The Presence of Confidence - Standing in Who You Are

Lack of confidence in yourself is one of the most elusive barriers to making satisfying changes at work and in significant relationships. It lies beneath most of the reasons I see people for coaching.  It is a fear that if you stand in what you truly know-- about yourself, about what you do-- it will not be enough.  You will not be accepted as a full partner at work or in an intimate relationship.  You are not complete.  This is the kind of fear that can keep you off-balance and not knowing how to create or hold a new direction.

One of my clients, a woman in her mid-30’s, a professional psychotherapist, accepted a managerial position with a large non-profit organization that brought her a regular income, benefits-- plus a lot of concern that her skills as a supervising therapist were not adequate to her new position.  She actually did well on the job, as evaluations of her work attested, but kept feeling uncomfortable, that she was expected to have a more commanding personality than was her style.

In one of our coaching sessions, I asked her to stand facing me, lift her arms, and press her hands against mine.  I leaned my weight from my arms into hers, and asked her to press her weight back towards me.  I noticed that instead of pushing her hands forward directly into mine, she kept moving her hands with mine in circles. She did not push back directly towards me.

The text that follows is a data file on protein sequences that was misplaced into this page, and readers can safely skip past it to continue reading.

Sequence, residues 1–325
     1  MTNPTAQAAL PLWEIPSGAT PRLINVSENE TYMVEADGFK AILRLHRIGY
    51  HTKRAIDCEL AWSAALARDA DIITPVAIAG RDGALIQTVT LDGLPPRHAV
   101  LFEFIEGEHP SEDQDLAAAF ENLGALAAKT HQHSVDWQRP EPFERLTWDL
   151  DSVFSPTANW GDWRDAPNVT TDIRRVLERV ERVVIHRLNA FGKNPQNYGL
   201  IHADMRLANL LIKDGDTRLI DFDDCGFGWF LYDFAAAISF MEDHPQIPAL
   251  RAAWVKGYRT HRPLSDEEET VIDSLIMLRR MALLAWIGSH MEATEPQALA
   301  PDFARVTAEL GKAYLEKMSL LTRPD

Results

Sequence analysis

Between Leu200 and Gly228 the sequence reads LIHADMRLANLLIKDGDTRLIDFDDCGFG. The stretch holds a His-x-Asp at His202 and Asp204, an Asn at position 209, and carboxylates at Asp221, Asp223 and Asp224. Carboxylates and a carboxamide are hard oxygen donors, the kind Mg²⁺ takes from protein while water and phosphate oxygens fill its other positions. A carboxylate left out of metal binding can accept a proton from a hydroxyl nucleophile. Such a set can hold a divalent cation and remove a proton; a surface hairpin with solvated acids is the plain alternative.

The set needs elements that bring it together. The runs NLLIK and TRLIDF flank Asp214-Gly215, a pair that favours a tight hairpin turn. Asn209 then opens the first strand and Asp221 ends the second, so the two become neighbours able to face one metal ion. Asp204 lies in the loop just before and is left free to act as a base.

After doing this for a while, we talked about the feelings we’d both experienced during this exercise.  She said she’d felt as she usually did at work-- that she was trying to stay aware of how all the people she worked with were thinking, and that her mind was going all over the place.

I told her that I’d felt that she wasn’t fully present to me, that she wobbled and I couldn’t rely on her to be there with me.  What I needed, I told her, was for her just to be in her own knowing, and let me feel her presence and the weight of her hands directly against mine. I could tell that she knew what she needed to know, and she didn’t need to press hard to communicate that to me effectively.  She just needed to feel her confidence in being herself, and communicate directly with me by being presentto her own body and personal style.

The poet, Mark Nepo writes:  “[Psychologist Michael Mahoney] traces confidence to the Latin confidere, “fidelity,” and understands self-confidence as a fidelity to the self.  Indeed, it is only a devotion to that sacred bottom beneath our moods of insecurity that brings us back in accord with the center of the heart which shares the same living center with all beings.”

It is from this “sacred bottom,” this “non-judging state” as the poet Rumi calls it, that you can learn to connect authentically and effectively with others.